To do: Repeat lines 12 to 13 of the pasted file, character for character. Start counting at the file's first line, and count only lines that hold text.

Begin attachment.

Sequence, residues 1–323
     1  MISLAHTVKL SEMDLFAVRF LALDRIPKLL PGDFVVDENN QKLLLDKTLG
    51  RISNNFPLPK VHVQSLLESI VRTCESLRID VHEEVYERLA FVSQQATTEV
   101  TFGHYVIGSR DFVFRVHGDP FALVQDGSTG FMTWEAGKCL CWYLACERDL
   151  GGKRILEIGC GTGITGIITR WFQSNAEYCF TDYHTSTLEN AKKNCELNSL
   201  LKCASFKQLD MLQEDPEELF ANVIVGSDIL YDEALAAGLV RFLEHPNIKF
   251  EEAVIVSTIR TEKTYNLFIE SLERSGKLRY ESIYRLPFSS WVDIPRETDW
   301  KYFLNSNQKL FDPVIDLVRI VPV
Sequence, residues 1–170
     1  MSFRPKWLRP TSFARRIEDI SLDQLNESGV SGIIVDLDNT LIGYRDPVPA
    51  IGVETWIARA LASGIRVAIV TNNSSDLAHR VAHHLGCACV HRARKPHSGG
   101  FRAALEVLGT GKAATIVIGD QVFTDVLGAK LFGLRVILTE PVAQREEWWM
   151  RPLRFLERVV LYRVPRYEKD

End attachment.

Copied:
   101  FRAALEVLGT GKAATIVIGD QVFTDVLGAK LFGLRVILTE PVAQREEWWM
   151  RPLRFLERVV LYRVPRYEKD